Like, Jesus saying, "Those who eat my flesh and drink my blood abide in me, and I in them. Just as the living Father sent me, and I live because of the Father, so whoever eats me will live because of me. This is the bread that came down from heaven, not like that which your ancestors ate, and they died. But the one who eats this bread will live forever." (John 6:53-59)
It's not just hyperbole in which Jesus is engaging. He means it. Some of his disciples say to him, "This teaching is difficult; who can accept it?"
Right. Who indeed? Well, Roman Catholics and the Orthodox (the real ones, not the ones with a small 'o' and quotation marks around them). And, of course, some Anglicans. Those who walk on the theologically "higher" side of the Via Media.
For those who walk on the other side, there's the brilliance of the Elizabethan Settlement. After holding up the consecrated elements of bread and wine, Episcopal (Anglican) clergy say, "The gifts of God for the people of God," and are permitted to add, "Take them in remembrance that Christ died for you and feed on him in your hearts by faith, with thanksgiving."
"....feed on him in your hearts by faith....".
It's a way to keep everyone at the Table - Catholics and Protestants - those who believe in their heads as well as those who believe in their "hearts, by faith" that this is the actual body of Christ, who is "the gift of God for the people of God".
I've been thinking about this as I've listened to and read the plethora of news reports and articles and opinions about the issue of "legitimate rape" and abortion.
The 71st General Convention of The Episcopal Church passed Resolution 1994-A054 which states, in part:
We regard all abortion as having a tragic dimension, calling for the concern and compassion of all the Christian community.
While we acknowledge that in this country it is the legal right of every woman to have a medically safe abortion, as Christians we believe strongly that if this right is exercised, it should be used only in extreme situations. We emphatically oppose abortion as a means of birth control, family planning, sex selection, or any reason of mere convenience.That part was actually taken from Resolution C047 at the 61st General Convention. In 1994, we added this:
We believe that legislation concerning abortions will not address the root of the problem. We therefore express our deep conviction that any proposed legislation on the part of national or state governments regarding abortions must take special care to see that the individual conscience is respected, and that the responsibility of individuals to reach informed decisions in this matter is acknowledged and honored as the position of this Church; and be it further
Resolved, That this 71st General Convention of the Episcopal Church express its unequivocal opposition to any legislative, executive or judicial action on the part of local, state or national governments that abridges the right of a woman to reach an informed decision about the termination of pregnancy or that would limit the access of a woman to safe means of acting on her decision.See also: "....in your hearts, by faith...."
We hold true to our Baptismal Vows to "respect the dignity of every human being" - including the dignity of the woman who is pregnant, affording her the right to have her "individual conscience" respected, the right to make an "informed decision" and not limiting "the access of a woman to safe means of acting on her decision".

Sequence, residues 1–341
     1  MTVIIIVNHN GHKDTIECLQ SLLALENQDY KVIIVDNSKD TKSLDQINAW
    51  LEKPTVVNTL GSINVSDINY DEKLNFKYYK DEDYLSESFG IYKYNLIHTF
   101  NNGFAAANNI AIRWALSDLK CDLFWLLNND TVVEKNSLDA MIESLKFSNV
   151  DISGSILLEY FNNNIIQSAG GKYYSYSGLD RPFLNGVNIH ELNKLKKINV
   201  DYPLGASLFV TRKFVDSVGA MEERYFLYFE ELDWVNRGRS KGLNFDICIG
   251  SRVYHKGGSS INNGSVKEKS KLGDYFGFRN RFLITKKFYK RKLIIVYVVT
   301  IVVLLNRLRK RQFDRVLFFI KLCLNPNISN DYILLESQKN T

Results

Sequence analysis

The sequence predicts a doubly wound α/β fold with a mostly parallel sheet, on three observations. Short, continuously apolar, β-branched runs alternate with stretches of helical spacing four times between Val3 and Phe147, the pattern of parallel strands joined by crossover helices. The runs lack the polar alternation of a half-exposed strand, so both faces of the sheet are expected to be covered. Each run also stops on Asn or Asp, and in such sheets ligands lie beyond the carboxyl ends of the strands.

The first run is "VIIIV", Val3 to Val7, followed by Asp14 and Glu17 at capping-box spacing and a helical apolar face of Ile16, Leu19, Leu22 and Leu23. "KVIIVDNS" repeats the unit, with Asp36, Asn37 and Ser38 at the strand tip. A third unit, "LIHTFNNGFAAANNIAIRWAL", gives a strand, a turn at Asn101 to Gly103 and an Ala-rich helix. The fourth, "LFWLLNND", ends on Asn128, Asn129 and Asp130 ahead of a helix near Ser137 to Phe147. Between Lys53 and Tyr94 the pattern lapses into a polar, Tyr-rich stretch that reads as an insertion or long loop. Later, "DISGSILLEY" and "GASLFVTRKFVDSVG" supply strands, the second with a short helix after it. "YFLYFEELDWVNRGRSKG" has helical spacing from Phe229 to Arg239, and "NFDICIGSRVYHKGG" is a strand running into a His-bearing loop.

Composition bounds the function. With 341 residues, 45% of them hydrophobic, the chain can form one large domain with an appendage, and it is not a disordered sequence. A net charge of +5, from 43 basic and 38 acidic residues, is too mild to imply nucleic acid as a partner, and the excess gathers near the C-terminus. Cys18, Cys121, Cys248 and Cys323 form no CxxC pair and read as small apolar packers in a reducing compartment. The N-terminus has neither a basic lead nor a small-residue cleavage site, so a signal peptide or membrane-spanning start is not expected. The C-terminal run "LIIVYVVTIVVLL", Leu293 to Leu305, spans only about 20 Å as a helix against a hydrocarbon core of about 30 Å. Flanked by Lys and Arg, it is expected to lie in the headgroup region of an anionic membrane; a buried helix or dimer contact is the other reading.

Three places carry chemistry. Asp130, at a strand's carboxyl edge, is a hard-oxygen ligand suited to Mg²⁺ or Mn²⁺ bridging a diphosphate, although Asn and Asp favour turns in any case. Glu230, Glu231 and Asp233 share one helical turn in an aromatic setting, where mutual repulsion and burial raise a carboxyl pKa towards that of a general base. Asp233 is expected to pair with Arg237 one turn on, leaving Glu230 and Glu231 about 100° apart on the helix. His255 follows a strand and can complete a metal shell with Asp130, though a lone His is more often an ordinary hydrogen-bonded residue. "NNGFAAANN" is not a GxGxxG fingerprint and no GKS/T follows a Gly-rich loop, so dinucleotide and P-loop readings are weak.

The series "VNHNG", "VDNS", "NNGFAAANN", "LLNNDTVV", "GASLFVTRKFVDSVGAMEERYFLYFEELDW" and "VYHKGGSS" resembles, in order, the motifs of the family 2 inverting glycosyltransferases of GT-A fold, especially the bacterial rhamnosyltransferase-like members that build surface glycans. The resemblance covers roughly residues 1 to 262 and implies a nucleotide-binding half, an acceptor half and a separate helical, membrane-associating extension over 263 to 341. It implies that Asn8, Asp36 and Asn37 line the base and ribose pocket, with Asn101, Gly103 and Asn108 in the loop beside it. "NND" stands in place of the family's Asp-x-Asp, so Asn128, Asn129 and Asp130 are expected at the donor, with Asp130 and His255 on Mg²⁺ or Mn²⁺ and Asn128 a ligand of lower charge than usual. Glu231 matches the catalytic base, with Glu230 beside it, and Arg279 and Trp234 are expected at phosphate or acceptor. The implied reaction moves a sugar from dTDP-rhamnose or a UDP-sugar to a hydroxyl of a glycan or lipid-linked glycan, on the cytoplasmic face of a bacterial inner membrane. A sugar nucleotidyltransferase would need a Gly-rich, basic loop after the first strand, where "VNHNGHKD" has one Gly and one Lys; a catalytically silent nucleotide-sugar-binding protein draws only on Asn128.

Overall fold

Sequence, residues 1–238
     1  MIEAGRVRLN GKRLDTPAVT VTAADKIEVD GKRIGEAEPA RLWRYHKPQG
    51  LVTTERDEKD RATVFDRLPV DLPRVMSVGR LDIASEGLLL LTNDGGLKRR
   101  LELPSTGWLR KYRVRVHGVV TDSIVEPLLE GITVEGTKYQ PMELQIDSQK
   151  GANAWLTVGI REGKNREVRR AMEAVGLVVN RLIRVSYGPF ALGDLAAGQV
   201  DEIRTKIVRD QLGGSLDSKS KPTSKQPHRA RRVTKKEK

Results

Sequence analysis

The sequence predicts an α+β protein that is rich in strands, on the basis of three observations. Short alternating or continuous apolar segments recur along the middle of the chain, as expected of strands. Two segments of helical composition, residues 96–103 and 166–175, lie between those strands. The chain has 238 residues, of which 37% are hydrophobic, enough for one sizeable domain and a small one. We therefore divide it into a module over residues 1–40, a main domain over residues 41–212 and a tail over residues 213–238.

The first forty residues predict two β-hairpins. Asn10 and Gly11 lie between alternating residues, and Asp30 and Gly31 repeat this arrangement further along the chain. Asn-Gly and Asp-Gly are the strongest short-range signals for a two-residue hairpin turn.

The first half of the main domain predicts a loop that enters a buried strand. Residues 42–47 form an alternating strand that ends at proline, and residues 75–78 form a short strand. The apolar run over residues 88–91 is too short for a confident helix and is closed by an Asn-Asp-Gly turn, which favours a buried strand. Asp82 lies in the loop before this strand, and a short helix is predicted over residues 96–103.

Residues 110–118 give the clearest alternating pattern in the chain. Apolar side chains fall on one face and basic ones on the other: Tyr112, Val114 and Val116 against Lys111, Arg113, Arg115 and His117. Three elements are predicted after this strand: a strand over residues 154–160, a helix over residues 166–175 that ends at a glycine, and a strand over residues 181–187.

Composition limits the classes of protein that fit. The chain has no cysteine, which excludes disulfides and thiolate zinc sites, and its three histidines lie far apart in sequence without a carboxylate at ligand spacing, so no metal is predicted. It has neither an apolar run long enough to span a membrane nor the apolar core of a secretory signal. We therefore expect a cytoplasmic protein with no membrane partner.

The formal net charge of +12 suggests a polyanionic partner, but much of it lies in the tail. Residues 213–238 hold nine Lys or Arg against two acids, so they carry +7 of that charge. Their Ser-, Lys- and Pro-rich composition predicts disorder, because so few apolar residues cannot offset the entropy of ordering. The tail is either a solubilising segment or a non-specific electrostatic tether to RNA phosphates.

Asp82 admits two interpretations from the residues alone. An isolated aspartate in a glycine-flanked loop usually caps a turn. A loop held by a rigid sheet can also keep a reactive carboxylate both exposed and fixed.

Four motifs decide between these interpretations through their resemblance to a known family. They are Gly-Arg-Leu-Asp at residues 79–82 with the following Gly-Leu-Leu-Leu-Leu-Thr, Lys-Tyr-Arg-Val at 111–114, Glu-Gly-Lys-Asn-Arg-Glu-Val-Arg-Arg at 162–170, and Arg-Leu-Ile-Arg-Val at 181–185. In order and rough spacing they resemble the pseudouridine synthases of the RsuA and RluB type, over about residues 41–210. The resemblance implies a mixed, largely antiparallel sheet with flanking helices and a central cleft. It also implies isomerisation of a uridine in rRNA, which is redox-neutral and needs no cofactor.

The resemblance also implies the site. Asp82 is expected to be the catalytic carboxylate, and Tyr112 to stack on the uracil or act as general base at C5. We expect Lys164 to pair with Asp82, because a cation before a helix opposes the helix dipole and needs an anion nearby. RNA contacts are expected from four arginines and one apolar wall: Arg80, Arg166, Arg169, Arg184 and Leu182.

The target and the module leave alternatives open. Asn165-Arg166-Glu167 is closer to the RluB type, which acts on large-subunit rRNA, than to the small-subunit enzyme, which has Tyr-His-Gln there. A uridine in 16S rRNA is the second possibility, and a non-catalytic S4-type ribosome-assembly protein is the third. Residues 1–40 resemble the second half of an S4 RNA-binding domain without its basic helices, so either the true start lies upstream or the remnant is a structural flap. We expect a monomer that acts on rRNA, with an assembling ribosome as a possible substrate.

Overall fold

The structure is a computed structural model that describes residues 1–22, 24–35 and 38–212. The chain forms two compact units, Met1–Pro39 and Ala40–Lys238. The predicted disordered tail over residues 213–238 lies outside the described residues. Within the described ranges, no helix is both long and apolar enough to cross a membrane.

And yet, we acknowledge that all abortions have a "tragic dimension" and that "legislation concerning abortion will not address the root of the problem".
Not everyone on either side of the issue of abortion is pleased with this statement. Those who are opposed to abortion under ANY circumstance lament that their church is not more blatantly "pro-life". Those who see that abortion can be a "blessing" to some women, lament that their church is not more aggressively "pro-choice".
The Episcopal Church wants means of legal abortion to continue while working to encourage conditions which would make abortions a less frequent occurrence.
Though the fact that The Episcopal Church is regularly identified as being pro-choice is accurate, it would be a misstatement to suggest that TEC is "in favor of abortions" or "promoting abortion." Rather, in regard to this issue, we seek to promote the sacredness of human life.
The Via Media - the classical "Middle Road" of Anglicanism - is not for sissies.
It's interesting to me that this morning's passage from the sixth chapter of John's Gospel is actually the end of a sermon which Jesus delivers while traveling both sides of the lake near Capernum. It begins with the feeding of the multitudes from five loaves and two small fish which the disciples found a young boy to have. It ends with Jesus talking about eating his flesh and drinking his blood as the food of eternal life with God.
Some of the disciples found this teaching "too hard" and they walked away. Jesus says to The Twelve, "You do not want to leave too, do you?”.
Peter responds, "Lord, to whom shall we go?"
Funny thing is that I'm betting solid money that those who believe the junk science about "legitimate rape" not only don't believe but are repulsed by the hard teachings of Jesus concerning eating his flesh and drinking his blood. I'm betting they are numbered among the disciples who chose to walk away.
And yet, they believe what they want to believe about the biology of a woman's reproductive system in order to satisfy their theology about what they believe sanctifies life.
Jesus said, "The Spirit gives life; the flesh counts for nothing. The words I have spoken to you—they are full of the Spirit and life. Yet there are some of you who do not believe."
From where I stand, there is only one way to go - one path to walk - in order to follow the hard teachings of Jesus.
That path, for me, is named "The Via Media".
In your hearts. By Faith. With Thanksgiving.